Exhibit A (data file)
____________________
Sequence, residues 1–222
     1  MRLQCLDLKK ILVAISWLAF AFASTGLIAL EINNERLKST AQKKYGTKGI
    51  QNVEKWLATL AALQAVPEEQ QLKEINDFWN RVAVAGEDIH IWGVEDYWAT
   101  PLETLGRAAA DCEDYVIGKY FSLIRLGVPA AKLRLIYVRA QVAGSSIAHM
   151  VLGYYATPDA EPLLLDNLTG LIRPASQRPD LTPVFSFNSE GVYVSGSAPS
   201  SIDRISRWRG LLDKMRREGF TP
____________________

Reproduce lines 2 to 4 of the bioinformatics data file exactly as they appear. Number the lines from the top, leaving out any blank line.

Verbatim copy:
     1  MRLQCLDLKK ILVAISWLAF AFASTGLIAL EINNERLKST AQKKYGTKGI
    51  QNVEKWLATL AALQAVPEEQ QLKEINDFWN RVAVAGEDIH IWGVEDYWAT
   101  PLETLGRAAA DCEDYVIGKY FSLIRLGVPA AKLRLIYVRA QVAGSSIAHM